How Can We Help Children Develop Critical Thinking?

1.Watch your child as he builds theories about how things work. Watch the children especially when they are playing. Observe what they are trying to understand during the games. For example, the behavior of opening and closing the door of kitchen cabinets or similar things, which is common in children who are just starting to get active. When you observe this behavior, what you will witness is that your child has developed a new theory about the opening and closing of doors, and he checks many things to see if they open and close in a similar way. Your child is busy making discoveries and logical chains about the workings of objects and thoughts that will become more and more abstract.

2. Support your child’s curiosity.

Children are born with the urge to know and understand. It is impossible not to see the interest and curiosity in their wide-open eyes as they look at the things they have experienced and witnessed. This impulse may be blunted or encouraged, depending on the inhibition or direction of the environment. The truth is to observe and support his interest and curiosity.

Instead of intervening immediately in the issues and works they are dealing with, keep them at a distance where they can seek support from you when they need it, and let them deal with it on their own. Thus, you will support their capacity to think freely and authentically and to approach critically about objects and thoughts.

3. Try to provide accurate and valid information for your children.

Encourage children to ask questions, try to find the right answer to the questions they ask. If you don’t know, be honest about it and express that you can search for the answer to this question together. Children also learn by modelling. Therefore, the sincere and confident search of the parent in the face of a question that he does not know the answer to will provide a very instructive model for the child about how to access information.

4.Help your children reach out to others they can learn from. There are subjects that almost everyone knows well. Children observe this very well. For example, a child who knows his grandmother’s curiosity about the repair of furniture may often turn to his grandmother when his belongings break down. Observing that his father frequently makes observations and comments about the feelings of others, the child may see his father as a sentimentalist. The child, who is curious about the emotional experience of a friend and tries to understand, will probably try to get information about this situation from his father. With questions, games or otherwise. Every child has a different way of expressing himself. Therefore, it is important that you remember the suggestion in the first item. Thus, you can better observe how he tries to gather information from the person he thinks is an expert on a subject he is curious about.

5. Help children evaluate information from others.“How can you tell if that’s true?”

This question is very encouraging for your child to have a critical approach to the source and validity of the information. It is a developmental stage to realize that just as people do not know the answer to a question, they can be deceitful, knowingly or unknowingly. Children can learn this over time in parallel with their experiences and the development of their thinking skills. Here it is useful to remember the skill of “taking someone else’s point of view”.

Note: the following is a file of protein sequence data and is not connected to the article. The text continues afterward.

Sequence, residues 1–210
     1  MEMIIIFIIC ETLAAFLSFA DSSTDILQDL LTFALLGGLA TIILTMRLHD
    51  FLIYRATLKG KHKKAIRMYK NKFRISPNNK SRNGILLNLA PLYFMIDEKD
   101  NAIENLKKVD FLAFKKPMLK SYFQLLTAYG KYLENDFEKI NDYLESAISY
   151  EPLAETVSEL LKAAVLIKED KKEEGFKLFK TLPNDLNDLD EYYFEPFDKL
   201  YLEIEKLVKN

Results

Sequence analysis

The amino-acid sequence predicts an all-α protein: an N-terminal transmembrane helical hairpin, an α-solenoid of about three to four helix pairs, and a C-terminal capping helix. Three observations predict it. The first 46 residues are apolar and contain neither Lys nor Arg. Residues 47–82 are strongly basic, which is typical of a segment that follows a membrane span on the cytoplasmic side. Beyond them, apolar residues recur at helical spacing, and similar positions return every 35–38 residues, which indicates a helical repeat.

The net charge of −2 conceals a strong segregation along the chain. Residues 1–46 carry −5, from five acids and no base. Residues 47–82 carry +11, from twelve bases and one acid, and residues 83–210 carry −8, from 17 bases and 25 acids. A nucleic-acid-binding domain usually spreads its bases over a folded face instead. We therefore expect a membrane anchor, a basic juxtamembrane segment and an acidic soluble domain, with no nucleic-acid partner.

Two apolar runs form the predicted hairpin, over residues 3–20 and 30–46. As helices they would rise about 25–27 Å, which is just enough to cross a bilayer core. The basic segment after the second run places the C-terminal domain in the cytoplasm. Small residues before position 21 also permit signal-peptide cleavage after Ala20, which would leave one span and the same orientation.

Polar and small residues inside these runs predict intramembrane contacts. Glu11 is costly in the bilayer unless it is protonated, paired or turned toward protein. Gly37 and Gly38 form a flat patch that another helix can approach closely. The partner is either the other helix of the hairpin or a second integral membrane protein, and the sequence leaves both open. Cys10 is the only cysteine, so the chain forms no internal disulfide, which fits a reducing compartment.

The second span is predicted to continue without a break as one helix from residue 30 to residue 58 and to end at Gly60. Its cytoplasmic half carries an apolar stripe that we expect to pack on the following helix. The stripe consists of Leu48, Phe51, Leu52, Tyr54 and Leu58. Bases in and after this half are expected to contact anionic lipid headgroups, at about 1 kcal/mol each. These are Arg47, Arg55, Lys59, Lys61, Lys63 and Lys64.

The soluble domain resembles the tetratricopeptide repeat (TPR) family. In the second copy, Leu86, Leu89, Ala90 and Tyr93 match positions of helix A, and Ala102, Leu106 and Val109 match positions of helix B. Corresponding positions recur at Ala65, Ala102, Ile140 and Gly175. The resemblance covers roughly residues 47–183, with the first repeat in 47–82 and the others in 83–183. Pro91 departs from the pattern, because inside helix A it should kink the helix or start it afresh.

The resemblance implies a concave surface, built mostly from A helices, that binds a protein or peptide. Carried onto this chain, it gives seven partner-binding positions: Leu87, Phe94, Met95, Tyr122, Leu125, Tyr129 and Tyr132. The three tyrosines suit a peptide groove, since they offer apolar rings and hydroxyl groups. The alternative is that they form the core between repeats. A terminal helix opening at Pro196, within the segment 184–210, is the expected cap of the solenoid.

Questioning whether the information that someone else has given us is correct, and if it is not, trying to understand why he did not provide us with the correct information requires the ability to evaluate the situation from someone else’s perspective.

6. Develop critical vision skills.

It is very important not only to allow the child to ask questions, but also to encourage them to ask questions. Today, digital content is one of the things that we are most exposed to and that children are also exposed to. For this reason, it is very important to encourage critical vision skills, especially when consuming digital content. About an ad you watched:

-What do you think he’s trying to sell in this ad?

What do advertisers want us to buy?

-Why do advertisers want us to buy it?

-Do you want to buy the product mentioned in the advertisement?

-Why might you want to buy?

-Do you think what this ad says is true?

Your daily conversations, enriched with questions like the ones above, support your child in developing the capacity to think critically and make choices beyond what is presented to him.

7. Use a problem-solving process in which you use critical thinking skills to solve the problems you face as a parent.

Have a problem-solving routine that you apply to your problems and dilemmas. In this routine, there should be steps such as taking distance to the problem, thinking about possible causes, setting a goal and testing these solutions by producing alternative solutions. You can read my post on the blog for a sample problem solving process and steps. Let’s not forget that children learn best by experiencing and modeling. Therefore, in his experience with you, he can internalize your critical approach to problems and problem solving over time, and he can become a good critical thinker and problem solver.

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